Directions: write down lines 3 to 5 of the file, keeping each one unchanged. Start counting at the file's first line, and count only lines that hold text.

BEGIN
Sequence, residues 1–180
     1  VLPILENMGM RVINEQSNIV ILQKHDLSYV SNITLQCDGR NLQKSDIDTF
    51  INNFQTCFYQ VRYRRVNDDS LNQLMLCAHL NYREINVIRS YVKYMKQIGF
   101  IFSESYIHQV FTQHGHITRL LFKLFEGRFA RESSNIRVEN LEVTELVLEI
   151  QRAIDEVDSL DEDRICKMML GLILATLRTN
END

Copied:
    51  INNFQTCFYQ VRYRRVNDDS LNQLMLCAHL NYREINVIRS YVKYMKQIGF
   101  IFSESYIHQV FTQHGHITRL LFKLFEGRFA RESSNIRVEN LEVTELVLEI
   151  QRAIDEVDSL DEDRICKMML GLILATLRTN